A laughable irony or serious example of rank hypocrisy?

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The irony of the Department of Health's publication of its gift register is not the nature of what has been disclosed - but the fact it justified redacting the identities of gifters using the very same argument it now refuses to accept from companies wanting to protect commercial-in-confidence clinical data.

The story has many, many layers, and the word irony hardly seems sufficient to explain the Department's position given the obvious hypocrisy of using an argument it is now so reluctant to accept from the industry.

Just to be clear, the basis of the industry's claim of commercial-in-confidence is generally considered, balanced and frankly light years ahead of the Department's.

The Department seems to be recognising commercial-in-confidence, in this case, simply to avoid disclosing the identity of third-parties that provided a range of gifts to its officials.

What organisation would gift anything to a government employee without the expectation it would be disclosed?

On the grounds of commercial-in-confidence, it redacted the identity of an organisation that gifted a departmental official a reusable plastic coffee keep-cup worth less than $16.

It used the same justification to redact the identities of organisations that gave officials a mug full of chocolates worth $8 and a Grandma's Traditional Pudding worth around $40.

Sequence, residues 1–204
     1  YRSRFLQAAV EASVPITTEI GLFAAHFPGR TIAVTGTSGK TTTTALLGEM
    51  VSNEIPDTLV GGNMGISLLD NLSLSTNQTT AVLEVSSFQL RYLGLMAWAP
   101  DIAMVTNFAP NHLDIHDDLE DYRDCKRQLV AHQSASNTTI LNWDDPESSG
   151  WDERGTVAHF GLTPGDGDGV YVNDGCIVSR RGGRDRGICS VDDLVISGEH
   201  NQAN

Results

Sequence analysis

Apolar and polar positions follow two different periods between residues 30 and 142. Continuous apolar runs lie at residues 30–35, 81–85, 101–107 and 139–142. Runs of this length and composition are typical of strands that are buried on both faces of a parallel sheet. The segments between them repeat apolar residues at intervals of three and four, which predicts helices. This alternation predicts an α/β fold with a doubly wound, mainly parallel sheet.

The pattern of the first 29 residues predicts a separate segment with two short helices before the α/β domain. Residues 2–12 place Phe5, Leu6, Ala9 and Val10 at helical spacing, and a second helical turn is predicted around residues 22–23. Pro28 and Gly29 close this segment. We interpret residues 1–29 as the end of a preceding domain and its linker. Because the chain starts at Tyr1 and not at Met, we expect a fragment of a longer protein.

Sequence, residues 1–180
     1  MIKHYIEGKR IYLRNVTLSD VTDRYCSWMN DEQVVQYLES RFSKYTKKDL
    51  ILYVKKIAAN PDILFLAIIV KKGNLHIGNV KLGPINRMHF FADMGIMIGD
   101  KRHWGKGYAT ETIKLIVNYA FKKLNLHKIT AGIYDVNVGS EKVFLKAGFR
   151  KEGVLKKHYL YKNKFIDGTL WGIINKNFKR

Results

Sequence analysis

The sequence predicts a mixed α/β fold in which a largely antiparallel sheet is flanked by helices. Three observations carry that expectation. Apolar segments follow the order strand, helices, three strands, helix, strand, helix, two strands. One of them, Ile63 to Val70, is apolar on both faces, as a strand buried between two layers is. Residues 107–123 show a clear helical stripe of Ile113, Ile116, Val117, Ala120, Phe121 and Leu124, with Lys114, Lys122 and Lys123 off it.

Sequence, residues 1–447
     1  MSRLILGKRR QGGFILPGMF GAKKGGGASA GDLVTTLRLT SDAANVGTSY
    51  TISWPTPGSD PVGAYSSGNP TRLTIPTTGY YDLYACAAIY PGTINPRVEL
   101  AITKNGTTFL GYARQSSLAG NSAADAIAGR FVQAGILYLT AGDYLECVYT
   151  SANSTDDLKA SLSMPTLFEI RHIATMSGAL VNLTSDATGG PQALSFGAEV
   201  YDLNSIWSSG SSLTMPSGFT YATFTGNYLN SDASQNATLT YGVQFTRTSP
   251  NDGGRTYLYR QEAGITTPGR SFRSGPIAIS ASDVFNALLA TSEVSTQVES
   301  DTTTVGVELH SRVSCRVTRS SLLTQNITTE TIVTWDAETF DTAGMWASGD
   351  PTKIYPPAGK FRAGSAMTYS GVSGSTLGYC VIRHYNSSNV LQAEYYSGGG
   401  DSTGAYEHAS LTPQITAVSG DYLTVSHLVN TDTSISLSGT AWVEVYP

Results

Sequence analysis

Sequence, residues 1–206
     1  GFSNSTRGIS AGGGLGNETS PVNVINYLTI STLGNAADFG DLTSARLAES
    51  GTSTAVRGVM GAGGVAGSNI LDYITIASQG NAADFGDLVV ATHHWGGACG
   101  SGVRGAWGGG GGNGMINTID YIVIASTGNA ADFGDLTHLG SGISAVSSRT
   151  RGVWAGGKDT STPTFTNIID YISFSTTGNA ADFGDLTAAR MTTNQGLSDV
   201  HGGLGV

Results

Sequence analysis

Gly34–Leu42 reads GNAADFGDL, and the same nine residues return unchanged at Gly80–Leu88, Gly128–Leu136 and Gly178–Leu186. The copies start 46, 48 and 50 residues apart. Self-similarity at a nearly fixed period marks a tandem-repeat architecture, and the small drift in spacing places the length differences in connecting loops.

You only hope the applicant who uncovered the information - News Corp - pursues the matter all the way to the Information Commissioner because it is hard to see how these redactions can be sustained.

The industry has a stake in this issue.

It and the Department of Health are currently locked in discussions over the PBAC's stated intent to reduce the number of redactions in its public summary documents.

Some exceptions will continue but the industry is concerned with the proposed publication of some information, such as Australia-specific analyses, it believes could undermine its ability to make submissions but also 'unreasonably' prejudice the 'commercial or financial affairs' of companies.

The Department has so far shown no willingness to accept the industry's concerns.

Yet it has now basically deployed a 'commercial-in-confidence' defence to redact the identities of gifting stakeholders in its published register - unlike the industry, which has submitted a detailed case in support of its concerns, the basis for the Department's justification is wafer-thin, at best.

The release of clinical data or analyses that have always been considered commercial-in-confidence, and redacted accordingly, is a serious issue - unlike keep cups and puddings.

The Department justified redacting the identities of gifting stakeholders based on the provisions of the Freedom of Information Act (Act).

Some of the redactions are based on Section 33 of the Act - an exemption on the grounds of national security, defence or international relations.

It has also used Section 47 - section 47F relates to the personal privacy of individuals but Section 47G is based on commercial-in-confidence.

According to Section 47G, identities can be redacted because disclosure "concerning the business, commercial or financial affairs of an organisation" would unreasonably affect its lawful "business, commercial or financial affairs" or "prejudice the future supply of information" to the government.

So, the disclosure of the identity of organisations gifting officials coffee keep-cups and puddings would unreasonably affect their lawful "business, commercial or financial affairs" or "prejudice the future supply of information" to the government.